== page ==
This week, the Federal Aviation Administration (FAA) released a new set of rules, governing the use of drones by commercial operators. The new regulations, which are a step towards fully integrating unmanned systems into the national airspace, could create 100,000 new jobs over the next decade and generate $82 billion for the U.S. economy, the FAA reports.
“We are part of a new era in aviation, and the potential for unmanned aircraft will make it safer and easier to do certain jobs, gather information, and deploy disaster relief,” said U.S. Transportation Secretary Anthony Foxx.
Part 107, which will take effect in late August, applies to non-hobbyist drone owners and aircraft weighing less than 55 pounds. Prior, any for-profit operators were required to have a pilot’s license; now, individuals must pass a drone-specific, aeronautical knowledge test at FAA-approved testing centers—granting for-profit entities a cheaper, faster way to employ drones.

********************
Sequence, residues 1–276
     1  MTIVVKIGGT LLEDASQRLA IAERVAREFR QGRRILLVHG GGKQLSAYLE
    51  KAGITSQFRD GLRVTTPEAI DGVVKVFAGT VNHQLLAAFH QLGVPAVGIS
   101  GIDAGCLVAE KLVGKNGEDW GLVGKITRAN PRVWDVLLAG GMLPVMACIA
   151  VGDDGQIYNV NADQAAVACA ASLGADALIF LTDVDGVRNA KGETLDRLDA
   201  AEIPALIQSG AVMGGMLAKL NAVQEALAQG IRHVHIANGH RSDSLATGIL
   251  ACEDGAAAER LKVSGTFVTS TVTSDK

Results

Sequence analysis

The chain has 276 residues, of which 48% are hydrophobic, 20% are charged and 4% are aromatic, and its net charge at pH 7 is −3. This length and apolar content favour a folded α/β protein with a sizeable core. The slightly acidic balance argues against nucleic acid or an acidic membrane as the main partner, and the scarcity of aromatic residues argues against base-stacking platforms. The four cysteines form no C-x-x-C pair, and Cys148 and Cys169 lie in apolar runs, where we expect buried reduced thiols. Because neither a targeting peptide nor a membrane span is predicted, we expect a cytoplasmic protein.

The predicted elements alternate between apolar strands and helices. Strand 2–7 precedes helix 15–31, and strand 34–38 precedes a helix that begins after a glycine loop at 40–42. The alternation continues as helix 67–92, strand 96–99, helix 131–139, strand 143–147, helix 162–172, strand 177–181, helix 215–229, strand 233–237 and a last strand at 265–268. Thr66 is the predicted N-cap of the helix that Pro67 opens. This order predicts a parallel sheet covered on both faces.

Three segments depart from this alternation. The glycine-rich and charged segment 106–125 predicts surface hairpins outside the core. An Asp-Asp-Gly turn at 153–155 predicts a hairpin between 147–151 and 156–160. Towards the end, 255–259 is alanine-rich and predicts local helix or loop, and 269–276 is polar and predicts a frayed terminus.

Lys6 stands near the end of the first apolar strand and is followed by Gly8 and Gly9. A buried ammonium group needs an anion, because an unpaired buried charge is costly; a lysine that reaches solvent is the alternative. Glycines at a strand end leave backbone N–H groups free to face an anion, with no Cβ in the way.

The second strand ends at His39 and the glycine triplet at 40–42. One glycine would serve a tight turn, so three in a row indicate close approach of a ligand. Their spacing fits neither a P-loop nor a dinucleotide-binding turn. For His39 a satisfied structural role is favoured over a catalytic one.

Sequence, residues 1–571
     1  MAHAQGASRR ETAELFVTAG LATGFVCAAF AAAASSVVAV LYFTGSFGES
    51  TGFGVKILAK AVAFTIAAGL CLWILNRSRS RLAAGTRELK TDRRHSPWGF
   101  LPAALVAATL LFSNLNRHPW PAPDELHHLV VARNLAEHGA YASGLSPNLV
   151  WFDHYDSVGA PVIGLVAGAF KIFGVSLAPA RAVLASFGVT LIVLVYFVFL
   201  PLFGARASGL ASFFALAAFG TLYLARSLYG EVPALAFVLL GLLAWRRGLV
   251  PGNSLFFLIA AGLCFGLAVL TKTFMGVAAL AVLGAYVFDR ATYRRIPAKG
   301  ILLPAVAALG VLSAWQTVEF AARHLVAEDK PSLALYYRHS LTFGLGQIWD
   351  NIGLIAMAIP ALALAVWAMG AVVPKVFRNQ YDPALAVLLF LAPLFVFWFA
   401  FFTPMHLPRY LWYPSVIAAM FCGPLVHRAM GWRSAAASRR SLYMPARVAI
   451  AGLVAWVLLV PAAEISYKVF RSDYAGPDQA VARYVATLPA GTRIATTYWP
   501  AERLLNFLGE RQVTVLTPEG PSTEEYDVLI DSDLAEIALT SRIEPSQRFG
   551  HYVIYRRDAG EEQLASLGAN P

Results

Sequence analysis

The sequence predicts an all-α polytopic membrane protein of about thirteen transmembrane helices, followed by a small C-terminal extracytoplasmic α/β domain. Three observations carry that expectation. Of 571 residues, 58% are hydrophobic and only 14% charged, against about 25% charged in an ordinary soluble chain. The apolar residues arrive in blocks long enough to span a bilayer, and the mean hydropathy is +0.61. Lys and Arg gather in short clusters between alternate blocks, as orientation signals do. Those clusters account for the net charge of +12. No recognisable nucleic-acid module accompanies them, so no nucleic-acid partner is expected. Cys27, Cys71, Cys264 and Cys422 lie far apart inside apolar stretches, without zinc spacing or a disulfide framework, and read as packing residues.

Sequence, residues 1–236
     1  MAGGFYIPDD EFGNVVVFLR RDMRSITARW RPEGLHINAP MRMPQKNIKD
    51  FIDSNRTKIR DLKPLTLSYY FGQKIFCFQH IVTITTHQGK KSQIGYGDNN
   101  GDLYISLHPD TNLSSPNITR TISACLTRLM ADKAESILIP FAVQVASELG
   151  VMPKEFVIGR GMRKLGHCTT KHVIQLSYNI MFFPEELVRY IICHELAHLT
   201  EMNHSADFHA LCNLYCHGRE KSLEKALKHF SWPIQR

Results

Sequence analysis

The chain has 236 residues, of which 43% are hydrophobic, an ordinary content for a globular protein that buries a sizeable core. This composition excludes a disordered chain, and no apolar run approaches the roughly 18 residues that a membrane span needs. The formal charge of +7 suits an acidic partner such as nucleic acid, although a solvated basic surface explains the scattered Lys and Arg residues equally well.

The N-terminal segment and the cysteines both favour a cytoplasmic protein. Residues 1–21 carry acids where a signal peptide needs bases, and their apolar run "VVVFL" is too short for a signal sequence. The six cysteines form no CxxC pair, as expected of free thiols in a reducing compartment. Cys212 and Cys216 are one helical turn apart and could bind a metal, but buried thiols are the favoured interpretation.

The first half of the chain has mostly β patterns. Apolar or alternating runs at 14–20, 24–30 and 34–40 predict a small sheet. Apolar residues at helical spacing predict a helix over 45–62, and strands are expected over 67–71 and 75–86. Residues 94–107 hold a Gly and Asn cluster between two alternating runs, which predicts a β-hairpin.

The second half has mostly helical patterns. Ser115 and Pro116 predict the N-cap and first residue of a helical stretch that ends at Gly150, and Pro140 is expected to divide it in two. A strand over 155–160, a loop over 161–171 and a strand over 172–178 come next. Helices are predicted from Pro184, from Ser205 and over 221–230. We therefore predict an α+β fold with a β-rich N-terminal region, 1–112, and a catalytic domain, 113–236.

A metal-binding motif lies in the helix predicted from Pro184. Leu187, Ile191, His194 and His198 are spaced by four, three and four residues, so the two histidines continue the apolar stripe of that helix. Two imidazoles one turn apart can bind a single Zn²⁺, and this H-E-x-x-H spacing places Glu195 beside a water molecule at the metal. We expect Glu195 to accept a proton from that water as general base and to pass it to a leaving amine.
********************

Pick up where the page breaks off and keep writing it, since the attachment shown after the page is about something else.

“This is a major development for the future of drones in America,” DJI spokesman Adam Lisberg told the Verge. “It means that businesses and farmers and government agencies and academic researchers can put drones to work without having to get an airplane pilot’s license or follow other onerous rules. Those were pretty high barriers to entry.”
Additionally, under the new provision, aircraft must always remain within the operator’s line of sight, be flown during daylight hours (unless the drone has anti-collision lights), and is restricted to a top speed of 100 mph. Drones are allowed to fly in sparsely populated areas without FAA approval, however operators must still work with air traffic control should they wish to conduct missions over crowded airspace.
“With this new rule, we are taking a careful and deliberate approach that balances the need to deploy this new technology with the FAA’s mission to protect public safety,” said FAA Administrator Michael Huerta. “But this is just our first step. We’re already working on additional rules that will expand the range of operations.”
Filed Under: Aerospace + defense